The idea of Reconstruction as an "unfinished" or re-enacted revolution also rests heavily -- perhaps too heavily -- on a close association between African American aspirations and the goals of civil and political equality, full citizenship, and integration. There can be no question that the association was, and remains, a powerful one. But what of those black ministers in Savannah who told General Sherman that freedom meant reaping the fruits of their labor and taking care of themselves, and that they wished to farm their own land and live by themselves, separated from whites? They made no mention of civil rights, voting rights, or citizenship. Their interest was in community reconstitution, economic independence, and self-governance, and given the near unanimity of their sentiments (only one of the twenty ministers dissented), we must assume that those feelings were widely shared among men and women coming out of slavery.

Foner recognizes these protonationalist and separatist tendencies -- more so than he did in Reconstruction -- but he still attaches the greatest significance to the ends of citizenship and interracialism and regards separatism chiefly as the product of Reconstruction-era (and later civil rights-era) political disappointments and defeats. This perspective enables the various political and cultural projects that funneled into Reconstruction to meld comfortably. Yet if black proto-nationalism and separatism were more consequential and more deeply embedded than Foner allows, as may well have been the case (especially among rural ex-slaves, who were the overwhelming majority of ex-slaves), then those were the tendencies that provided the context for black understandings of citizenship (rather than the other way around), and the projects of Reconstruction seem far less in alignment.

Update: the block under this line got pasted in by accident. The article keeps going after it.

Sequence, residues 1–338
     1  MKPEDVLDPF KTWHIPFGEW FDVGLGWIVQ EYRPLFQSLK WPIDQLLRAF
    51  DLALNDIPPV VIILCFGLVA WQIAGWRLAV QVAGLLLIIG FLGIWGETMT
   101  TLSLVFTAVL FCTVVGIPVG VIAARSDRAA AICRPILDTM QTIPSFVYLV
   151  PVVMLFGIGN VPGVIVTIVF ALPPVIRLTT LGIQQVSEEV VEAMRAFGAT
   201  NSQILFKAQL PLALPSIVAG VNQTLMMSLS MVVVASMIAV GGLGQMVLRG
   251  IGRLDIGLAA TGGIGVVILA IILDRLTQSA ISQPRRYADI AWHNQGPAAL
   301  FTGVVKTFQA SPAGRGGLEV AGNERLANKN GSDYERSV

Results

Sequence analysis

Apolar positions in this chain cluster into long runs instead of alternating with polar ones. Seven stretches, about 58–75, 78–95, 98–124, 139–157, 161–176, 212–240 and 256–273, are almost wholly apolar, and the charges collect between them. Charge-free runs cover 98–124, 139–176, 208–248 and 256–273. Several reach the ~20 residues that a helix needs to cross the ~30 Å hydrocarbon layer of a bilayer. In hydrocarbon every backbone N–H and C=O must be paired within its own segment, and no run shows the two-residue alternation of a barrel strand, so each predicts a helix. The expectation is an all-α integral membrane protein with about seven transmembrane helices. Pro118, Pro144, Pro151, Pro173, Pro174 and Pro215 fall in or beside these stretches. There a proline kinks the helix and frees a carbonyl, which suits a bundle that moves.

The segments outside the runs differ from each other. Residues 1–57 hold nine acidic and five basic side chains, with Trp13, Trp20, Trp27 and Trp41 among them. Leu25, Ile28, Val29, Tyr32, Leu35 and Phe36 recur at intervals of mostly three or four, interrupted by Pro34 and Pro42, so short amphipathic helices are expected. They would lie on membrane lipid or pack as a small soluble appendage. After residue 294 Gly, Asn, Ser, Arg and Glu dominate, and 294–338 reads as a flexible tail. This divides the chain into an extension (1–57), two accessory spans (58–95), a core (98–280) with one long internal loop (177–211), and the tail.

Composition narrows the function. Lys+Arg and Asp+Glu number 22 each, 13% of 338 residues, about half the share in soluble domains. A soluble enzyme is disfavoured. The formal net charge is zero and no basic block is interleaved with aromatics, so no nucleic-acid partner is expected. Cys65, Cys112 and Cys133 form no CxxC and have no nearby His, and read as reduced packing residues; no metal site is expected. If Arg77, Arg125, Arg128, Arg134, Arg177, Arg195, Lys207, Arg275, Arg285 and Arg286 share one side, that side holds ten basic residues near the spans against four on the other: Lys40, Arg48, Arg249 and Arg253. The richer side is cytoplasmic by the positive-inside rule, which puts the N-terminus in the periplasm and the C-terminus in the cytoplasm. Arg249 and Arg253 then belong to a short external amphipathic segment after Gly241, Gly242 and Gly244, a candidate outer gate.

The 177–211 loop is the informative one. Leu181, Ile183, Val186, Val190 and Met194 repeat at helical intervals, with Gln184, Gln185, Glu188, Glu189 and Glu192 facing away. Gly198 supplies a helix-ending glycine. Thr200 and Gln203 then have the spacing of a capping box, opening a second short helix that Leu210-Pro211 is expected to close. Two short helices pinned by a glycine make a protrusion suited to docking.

Reconstruction, that is, may be properly understood in connection with American state-building and with an assortment of American popular movements. First and foremost, Reconstruction brought to fruition a process that had commenced with the American Revolution and the Constitution: a process of establishing a modern nation; determining the relation between federal, state, and local power; and defining the civil and political standing of people living within the country. The process was highly explosive, principally -- though not exclusively -- because of slavery; and it eventually provoked a rebellion on the part of slaveholders against the presumed authority of the national government.

In this sense, it is arguable that Reconstruction began when federal troops first set foot on Confederate soil, although Foner is undoubtedly correct that the Emancipation Proclamation set the course of Reconstruction in a revolutionary direction and united for a brief period the political interests of Radical Republicans and African Americans. Indeed, Reconstruction showed the influence of several popular movements that had emerged in previous decades and then battled to leave their marks. These included middle-class social reform movements, movements for economic and political nationalism, movements against slavery, and movements for race equality and gender equality.